- The Washington Times - Thursday, August 25, 2011

Joe Willis was, as D.C. United coach Ben Olsen worded it, a “question mark.”

Until Aug. 13, the rookie goalkeeper had not seen a single competitive minute for United. In fact, the third-stringer rarely made the substitute’s bench. Even his playing time in reserve matches was sparing.

But starter Bill Hamid received a red card against Toronto FC the week before, and backup Steve Cronin struggled off the bench. So the coaching staff took a gamble and inserted the University of Denver product for United’s match against the Vancouver Whitecaps two weeks ago.

Willis delivered. His shutout performance included a handful of crucial saves, and D.C. rolled to a 4-0 win.

“You throw a rookie goalkeeper in there, and you never really know,” Olsen said. “But we had a sense he was a gamer, and I think he likes the lights.”

Although Hamid returned to action last week, he suffered a hamstring strain in his first game back. Re-enter Willis, who made his second start in a 1-0 loss to Sporting Kansas City on Sunday.

With United (7-7-10) preparing to face the Portland Timbers (9-12-5) on Saturday at RFK Stadium, the 23-year-old is again poised to backstop his club with Hamid’s status uncertain. When August began, Willis probably was the most anonymous player on the roster. As it comes to a close, he’s now United’s anchor between the posts amid a frenzied postseason race.

“It’s been a pretty hectic couple of weeks,” Willis said.

United selected Willis in the third round of January’s SuperDraft under the recommendation of assistant coach Chad Ashton, who helmed Denver through the goalkeeper’s freshman season.

Listed at 6-foot-5, 189 pounds, Willis was considered an enticing but raw prospect at season’s start. So with Hamid recovering from offseason shoulder surgery and Cronin out with a broken wrist, United opted to sign goalkeepers coach Pat Onstad — a 43-year-old MLS stalwart who had recently retired — to a short-term contract rather than throw Willis into the fire.

Onstad subsequently started United’s first three games until Hamid returned to health, and Willis watched and waited.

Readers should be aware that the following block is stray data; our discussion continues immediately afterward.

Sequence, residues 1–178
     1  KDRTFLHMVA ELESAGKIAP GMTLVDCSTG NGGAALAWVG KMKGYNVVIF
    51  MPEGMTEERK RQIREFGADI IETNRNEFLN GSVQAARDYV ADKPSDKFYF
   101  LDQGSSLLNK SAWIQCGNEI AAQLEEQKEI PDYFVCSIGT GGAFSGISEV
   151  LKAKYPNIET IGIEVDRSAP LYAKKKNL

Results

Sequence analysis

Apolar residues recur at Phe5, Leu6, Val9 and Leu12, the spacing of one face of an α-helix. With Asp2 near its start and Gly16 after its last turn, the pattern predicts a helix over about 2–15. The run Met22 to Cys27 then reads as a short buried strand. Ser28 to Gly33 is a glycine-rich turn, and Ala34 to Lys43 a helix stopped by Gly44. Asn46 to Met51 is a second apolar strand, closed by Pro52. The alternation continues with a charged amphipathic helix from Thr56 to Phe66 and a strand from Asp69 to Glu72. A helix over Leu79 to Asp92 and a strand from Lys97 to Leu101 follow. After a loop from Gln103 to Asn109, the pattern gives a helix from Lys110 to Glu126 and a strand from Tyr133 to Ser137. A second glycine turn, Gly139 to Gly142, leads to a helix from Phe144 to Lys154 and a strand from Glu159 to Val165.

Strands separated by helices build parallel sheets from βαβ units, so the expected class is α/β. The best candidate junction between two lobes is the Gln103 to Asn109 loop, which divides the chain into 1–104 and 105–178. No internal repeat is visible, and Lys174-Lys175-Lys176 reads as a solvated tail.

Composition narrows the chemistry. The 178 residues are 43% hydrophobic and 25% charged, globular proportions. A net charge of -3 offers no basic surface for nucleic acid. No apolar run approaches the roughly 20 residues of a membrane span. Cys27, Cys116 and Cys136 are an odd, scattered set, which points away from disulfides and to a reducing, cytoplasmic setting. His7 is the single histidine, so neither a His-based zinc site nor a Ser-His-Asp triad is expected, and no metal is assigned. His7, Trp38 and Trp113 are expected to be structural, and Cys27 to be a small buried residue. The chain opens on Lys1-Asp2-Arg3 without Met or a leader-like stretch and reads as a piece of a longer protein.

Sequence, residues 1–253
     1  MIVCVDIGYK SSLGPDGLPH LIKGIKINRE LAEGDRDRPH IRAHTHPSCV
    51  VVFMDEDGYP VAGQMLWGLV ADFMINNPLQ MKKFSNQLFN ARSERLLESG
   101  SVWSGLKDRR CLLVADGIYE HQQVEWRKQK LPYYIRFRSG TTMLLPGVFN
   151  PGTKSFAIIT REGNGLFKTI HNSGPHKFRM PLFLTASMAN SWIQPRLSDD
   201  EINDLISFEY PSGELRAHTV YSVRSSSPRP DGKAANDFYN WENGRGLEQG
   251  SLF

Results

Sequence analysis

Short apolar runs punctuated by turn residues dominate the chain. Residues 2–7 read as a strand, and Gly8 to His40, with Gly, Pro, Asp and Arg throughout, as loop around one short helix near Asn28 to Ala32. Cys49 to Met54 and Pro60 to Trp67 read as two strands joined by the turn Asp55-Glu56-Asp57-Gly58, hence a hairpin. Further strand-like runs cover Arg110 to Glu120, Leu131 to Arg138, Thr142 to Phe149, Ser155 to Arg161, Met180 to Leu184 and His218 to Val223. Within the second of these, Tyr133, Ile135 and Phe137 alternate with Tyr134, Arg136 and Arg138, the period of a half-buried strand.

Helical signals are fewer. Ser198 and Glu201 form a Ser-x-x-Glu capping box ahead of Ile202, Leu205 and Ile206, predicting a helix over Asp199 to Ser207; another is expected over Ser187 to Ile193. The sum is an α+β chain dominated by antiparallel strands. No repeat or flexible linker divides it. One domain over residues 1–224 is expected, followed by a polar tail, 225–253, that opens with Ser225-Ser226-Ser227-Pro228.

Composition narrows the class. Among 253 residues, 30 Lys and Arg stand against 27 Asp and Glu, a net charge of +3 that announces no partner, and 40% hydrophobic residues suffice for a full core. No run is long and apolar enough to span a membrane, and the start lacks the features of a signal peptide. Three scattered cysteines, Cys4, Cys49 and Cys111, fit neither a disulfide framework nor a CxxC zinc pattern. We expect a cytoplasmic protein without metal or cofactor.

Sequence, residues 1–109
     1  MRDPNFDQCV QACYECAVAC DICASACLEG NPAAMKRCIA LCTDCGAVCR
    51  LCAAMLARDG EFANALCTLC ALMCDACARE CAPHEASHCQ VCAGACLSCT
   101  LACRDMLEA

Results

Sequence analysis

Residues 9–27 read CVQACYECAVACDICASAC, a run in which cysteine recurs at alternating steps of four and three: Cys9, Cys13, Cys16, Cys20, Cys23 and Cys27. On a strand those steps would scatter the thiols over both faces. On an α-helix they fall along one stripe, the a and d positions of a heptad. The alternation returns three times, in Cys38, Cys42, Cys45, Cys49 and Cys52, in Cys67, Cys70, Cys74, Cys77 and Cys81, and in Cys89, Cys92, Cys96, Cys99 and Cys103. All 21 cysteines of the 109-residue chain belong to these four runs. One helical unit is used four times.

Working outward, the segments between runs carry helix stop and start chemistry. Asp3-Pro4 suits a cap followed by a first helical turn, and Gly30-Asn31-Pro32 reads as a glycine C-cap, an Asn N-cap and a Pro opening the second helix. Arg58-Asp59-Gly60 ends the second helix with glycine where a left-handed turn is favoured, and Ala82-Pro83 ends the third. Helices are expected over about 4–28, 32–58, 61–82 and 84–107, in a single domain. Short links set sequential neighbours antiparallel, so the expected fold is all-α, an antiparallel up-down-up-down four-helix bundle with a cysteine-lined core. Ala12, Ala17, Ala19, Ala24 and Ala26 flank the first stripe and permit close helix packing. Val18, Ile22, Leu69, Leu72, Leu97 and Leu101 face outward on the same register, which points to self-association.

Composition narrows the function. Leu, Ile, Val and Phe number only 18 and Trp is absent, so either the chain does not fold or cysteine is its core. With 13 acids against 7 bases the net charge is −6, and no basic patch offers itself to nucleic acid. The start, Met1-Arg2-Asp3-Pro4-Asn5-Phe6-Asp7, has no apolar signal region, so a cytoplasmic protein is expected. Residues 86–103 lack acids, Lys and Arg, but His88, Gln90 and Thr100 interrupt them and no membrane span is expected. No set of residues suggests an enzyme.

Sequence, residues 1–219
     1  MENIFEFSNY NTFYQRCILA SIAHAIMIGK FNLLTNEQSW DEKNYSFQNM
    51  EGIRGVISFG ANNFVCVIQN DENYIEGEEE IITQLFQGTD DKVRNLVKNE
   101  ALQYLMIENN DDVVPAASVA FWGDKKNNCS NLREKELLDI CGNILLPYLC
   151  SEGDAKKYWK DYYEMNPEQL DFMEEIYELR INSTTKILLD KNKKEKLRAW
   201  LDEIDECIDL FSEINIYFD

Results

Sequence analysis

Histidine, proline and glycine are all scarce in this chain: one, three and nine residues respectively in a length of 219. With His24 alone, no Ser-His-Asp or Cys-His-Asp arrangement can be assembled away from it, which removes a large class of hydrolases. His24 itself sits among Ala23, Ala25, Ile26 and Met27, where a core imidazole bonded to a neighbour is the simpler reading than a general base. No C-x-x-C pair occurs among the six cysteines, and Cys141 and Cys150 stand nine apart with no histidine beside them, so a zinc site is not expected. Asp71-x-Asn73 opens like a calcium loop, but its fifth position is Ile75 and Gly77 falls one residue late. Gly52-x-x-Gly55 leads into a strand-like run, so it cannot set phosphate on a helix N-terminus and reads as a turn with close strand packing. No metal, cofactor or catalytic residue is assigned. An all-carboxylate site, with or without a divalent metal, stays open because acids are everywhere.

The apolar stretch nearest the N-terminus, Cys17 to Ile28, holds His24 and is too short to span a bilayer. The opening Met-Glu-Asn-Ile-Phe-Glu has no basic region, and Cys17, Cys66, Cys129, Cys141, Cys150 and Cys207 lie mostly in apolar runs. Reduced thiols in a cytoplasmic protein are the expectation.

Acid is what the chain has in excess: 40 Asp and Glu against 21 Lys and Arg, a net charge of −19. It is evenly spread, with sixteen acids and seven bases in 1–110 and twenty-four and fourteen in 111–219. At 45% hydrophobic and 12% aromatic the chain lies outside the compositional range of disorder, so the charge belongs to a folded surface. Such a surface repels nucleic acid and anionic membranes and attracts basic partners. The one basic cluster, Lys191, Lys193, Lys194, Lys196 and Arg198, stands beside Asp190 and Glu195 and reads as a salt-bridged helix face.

“I don’t blame them at all for signing Pat,” Willis said. “Would I have liked to play? Yeah. But maybe it [wouldn’t have been] the best decision to have me play. I can definitely tell I’m a better player now than I was during preseason or even at the beginning of the season.”

For most of the year, Willis has been about as far removed from the club as an active, healthy player can be.

Until Willis logged his breakthrough performance against Vancouver, his typical weekend included watching from the mezzanine as his teammates played Saturday night, then showing up for a Sunday morning reserve game in front of a few hundred fans, only to never get off the bench.

“Probably the hardest position to be on a team is the third goalkeeper,” Onstad said. “You don’t get the minutes you need to help you improve. It’s tough standing on the sideline, but he’s got that mentality where he just wants to improve himself day in, day out, and that’s how you have to approach it.”

Even though back spasms sidelined Willis for United’s 1-1 draw at Chicago on Aug. 18, he was summoned to Kansas City after Hamid went down in that contest and again got the nod over Cronin. While the one goal he allowed proved to be decisive, Willis came up with some timely stops to keep his side in the game.

Willis may have been an unknown quantity just a few weeks ago, but it hasn’t taken long for him to earn the team’s trust.

“You wouldn’t be able to tell” he’s a rookie, center back Brandon McDonald said. “He brings a calmness to our back line. You look back there at him and he’s confident.”

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